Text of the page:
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    You might not see 3:2 pulldown - I certainly do and don't like it. The obvious motion judder it introduces on camera movement is pretty objectionable to me, though I'm not used to watching it, so maybe am more sensitive to it.

    I have a number of region 1 DVDs - and those sourced from film, with 3:2 pulldown, are noticably different to region 2 film sourced 2:2 pulldown transfers.

    I agree the 4% speed change isn't perfect - but I prefer 2:2 visually to 3:2 - as the motion isn't distorted by one film frame being weighted more than the other.
     
  12. Stephen Neal

    Stephen Neal
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    Err - sorry Master Rahl - many high-end HD cameras can operate at the following rates :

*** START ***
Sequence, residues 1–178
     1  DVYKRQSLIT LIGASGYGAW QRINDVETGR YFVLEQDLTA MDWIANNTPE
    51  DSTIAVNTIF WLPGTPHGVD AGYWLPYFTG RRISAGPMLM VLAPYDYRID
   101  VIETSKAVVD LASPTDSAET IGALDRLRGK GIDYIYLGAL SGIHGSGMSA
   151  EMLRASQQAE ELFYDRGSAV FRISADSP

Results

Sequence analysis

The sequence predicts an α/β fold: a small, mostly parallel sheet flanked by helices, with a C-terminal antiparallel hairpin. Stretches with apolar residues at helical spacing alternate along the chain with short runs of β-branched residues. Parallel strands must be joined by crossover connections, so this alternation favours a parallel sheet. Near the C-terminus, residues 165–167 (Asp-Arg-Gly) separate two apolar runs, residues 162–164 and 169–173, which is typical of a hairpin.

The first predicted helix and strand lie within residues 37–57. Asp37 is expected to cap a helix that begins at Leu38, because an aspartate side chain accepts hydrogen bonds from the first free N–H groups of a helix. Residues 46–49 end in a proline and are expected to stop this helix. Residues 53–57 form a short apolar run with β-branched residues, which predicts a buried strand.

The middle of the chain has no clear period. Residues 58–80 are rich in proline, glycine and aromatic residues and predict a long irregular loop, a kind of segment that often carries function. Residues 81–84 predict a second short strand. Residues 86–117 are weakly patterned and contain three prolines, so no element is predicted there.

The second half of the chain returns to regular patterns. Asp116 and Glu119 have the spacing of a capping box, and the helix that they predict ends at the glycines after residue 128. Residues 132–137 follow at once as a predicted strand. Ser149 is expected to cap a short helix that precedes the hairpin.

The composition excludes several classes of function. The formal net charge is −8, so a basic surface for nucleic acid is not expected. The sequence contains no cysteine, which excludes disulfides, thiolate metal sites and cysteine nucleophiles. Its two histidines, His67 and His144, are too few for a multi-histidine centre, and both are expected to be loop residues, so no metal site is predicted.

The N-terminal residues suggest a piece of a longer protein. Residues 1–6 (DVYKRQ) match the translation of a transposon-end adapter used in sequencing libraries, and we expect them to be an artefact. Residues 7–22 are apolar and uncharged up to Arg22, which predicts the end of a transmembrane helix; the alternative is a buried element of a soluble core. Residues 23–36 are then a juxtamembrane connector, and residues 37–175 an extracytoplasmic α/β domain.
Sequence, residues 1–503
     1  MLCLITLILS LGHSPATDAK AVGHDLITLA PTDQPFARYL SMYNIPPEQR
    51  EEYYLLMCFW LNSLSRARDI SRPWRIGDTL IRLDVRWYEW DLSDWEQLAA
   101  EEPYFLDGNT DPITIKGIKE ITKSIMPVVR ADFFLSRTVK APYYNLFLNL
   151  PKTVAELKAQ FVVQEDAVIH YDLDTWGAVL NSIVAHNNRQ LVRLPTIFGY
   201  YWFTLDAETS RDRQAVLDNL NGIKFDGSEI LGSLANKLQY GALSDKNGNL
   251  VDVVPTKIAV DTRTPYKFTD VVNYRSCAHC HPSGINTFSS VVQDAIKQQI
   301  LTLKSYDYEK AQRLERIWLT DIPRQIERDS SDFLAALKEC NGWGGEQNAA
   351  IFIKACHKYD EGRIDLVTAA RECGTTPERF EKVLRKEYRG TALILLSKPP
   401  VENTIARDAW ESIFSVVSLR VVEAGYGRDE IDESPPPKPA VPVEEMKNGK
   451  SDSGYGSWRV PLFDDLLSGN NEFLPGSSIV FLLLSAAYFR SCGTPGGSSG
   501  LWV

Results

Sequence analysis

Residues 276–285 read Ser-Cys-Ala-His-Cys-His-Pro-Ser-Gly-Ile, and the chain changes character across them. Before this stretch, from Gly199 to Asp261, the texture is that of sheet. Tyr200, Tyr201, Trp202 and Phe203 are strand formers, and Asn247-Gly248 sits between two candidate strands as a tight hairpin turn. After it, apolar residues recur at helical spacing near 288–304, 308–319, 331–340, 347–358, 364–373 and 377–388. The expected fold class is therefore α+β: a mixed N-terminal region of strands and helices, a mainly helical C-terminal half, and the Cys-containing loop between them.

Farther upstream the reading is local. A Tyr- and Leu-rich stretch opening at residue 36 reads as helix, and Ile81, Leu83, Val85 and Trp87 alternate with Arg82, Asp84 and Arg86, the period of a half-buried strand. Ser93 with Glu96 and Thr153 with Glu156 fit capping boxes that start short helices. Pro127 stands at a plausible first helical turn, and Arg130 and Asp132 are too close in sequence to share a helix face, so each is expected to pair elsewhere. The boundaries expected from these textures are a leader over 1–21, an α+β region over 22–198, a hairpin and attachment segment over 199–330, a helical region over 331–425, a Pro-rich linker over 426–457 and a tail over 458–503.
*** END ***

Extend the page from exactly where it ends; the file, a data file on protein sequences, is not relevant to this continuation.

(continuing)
1080/24p, 1080/25p, 1080/30p, 1080/50i and 1080/60i, or 720/50p or 720/60p (if they run at both resolutions)

    Where HD video has replaced film it is most commonly run in 24p mode - as that replicates "the film" look, with the lower frame rate. I'm not saying HD cameras ONLY run at 24p - but where HD cameras have replaced film (say on shows like Enterprise?) they are run at 24p rather than 60i. It is an aesthetic rather than technical issue. (Rockface, which was a BBC/US co-production, was shot at 25p - our "film for TV" frame rate - for this reason. Previously it would have been shot on film at 25fps)

    Where they have replaced SD video cameras (say on sport or chat shows) they are often running at 60i or 60p, for that "fluid" "video" look.